Antonio Colombo Arte Contemporanea presents “The Age Of Innocence”, the double personal exhibition of the artists Fulvia Mendini and Andy Rementer, joined together by a linear and synthetic painting that combines the taste for illustration with a series of references to the history of art. In fact, both have developed a style characterized by a polished formal simplification and the use of a bright color palette, reminiscent of illustrated children’s stories, that evokes the memory of a lost innocence.
American, native of New Jersey, Andy Rementer studied graphic design at the University Of The Arts in Philadelphia and worked as an illustrator and cartoonist for newspapers such as the New York Times, the New Yorker, Apartamento Magazine and Creative Review, while, as an animator, he collaborated with the broadcasting company MTV and the film studio Warner Bros. He has worked for two years in Treviso at Fabrica, the Benetton Group’s communications research center, along with a handful of international researchers specialized in graphic design, photography, video, music and journalism. During his two-year stay in Italy, the artist has developed a peculiar visual language inspired not only by design, comics and cartoons, but also by European art, from Romanesque art to the twentieth-century magical realism. In Rementer’s works, the urban landscape is the backdrop for a series of quick tales, ordinary stories that, however, reveal the extraordinary nature of the everyday experience.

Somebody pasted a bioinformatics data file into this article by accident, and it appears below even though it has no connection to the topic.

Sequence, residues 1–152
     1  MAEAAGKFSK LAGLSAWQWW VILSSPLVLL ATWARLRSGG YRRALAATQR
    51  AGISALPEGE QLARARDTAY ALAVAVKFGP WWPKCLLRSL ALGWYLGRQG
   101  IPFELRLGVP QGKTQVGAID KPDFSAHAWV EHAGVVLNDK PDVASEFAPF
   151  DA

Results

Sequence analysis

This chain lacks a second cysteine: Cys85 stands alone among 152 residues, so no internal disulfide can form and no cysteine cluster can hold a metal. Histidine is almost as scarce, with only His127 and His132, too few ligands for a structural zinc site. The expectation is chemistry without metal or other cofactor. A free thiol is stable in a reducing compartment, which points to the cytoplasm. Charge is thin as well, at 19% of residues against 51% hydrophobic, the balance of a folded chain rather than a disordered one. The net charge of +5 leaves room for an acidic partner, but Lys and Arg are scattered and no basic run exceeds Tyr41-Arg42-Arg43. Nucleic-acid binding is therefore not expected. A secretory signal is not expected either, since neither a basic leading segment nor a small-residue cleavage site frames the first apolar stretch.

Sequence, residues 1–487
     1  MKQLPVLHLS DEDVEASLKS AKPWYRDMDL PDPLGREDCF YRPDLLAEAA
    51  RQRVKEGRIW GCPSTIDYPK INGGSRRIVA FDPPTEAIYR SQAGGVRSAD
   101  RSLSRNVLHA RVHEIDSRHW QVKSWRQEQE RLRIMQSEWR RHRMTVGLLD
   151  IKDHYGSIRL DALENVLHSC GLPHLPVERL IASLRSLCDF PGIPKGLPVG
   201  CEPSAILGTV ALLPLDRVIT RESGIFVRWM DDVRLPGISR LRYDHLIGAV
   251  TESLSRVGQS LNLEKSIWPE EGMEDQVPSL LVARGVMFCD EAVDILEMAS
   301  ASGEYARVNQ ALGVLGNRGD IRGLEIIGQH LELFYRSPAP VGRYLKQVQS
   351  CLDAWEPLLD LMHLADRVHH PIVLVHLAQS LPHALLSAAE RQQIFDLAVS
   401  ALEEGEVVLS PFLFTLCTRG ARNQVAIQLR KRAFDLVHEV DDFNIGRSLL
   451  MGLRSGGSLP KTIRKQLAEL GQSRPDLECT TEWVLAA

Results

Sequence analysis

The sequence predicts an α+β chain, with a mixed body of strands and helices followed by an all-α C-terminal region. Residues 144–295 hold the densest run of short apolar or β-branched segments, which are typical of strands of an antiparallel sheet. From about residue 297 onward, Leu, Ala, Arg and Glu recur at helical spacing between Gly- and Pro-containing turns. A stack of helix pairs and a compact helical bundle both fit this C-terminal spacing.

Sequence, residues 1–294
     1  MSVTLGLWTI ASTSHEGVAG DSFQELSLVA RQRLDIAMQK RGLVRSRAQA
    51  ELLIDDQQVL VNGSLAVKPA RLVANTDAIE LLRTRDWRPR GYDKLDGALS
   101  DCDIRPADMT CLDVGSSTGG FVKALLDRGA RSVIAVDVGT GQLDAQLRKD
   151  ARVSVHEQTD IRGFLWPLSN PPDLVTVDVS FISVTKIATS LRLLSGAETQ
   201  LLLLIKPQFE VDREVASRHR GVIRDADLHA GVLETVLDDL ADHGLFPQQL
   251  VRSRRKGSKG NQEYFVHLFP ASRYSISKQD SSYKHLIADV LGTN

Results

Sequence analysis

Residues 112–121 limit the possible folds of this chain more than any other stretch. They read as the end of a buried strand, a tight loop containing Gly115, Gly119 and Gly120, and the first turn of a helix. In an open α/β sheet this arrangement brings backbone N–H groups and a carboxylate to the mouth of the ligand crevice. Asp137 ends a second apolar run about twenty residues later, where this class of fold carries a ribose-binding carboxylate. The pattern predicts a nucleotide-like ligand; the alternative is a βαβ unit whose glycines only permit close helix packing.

After studying graphic design and Illustration at the European Institute Of Design in Milan, Fulvia Mendini worked at the Atelier Mendini and, in parallel, developed her own pictorial and decorative research, focusing in particular on the portrait and on the world of natural forms. A versatile artist, Mendini collaborated with artisans and companies, making potteries, sculptures, carpets, murals, jewelry and handbags. Her painting, characterized by a frontal and hieratic setting, filled with erudite citations, is the result of a refined mixture of graphic and artistic styles. If in her modern Madonne the influence of Renaissance painting – from Giovanni Bellini to Piero Della Francesca, from Pisanello to Paolo Uccello – is undeniable, in the most recent portraits, besides the obvious influence of Pre-Raphaelite and Symbolist iconography, emerges, for the first time, the interest in the natural landscape, where the artist reinterprets the lesson of the Douanier Rousseau, positioning it in an Arcadian dimension populated by nymphs and fairies.
“The Age Of Innocence” compares Rementer’s urban tales to Mendini’s Edenic allegories, drawing attention to their shared graphic matrix, the terse tendency and the predilection for flat colors and bright hues. In fact, both artists build a hypothetical and sublimated world, dominated by geometry, where characters, objects and places, just like in Abbot’s Flatlandia, pave the way to the discovery of additional, multiple dimensions. On show are about thirty works, including drawings, watercolors and paintings by Andy Rementer and acrylics on canvas, panel and paper by Fulvia Mendini.
- Andy Rementer, The Age of Innocence. Courtesy of Antonio Colombo Arte Contemporanea, Milan
- Fulvia Mendini, The Age of Innocence. Courtesy of Antonio Colombo Arte Contemporanea, Milan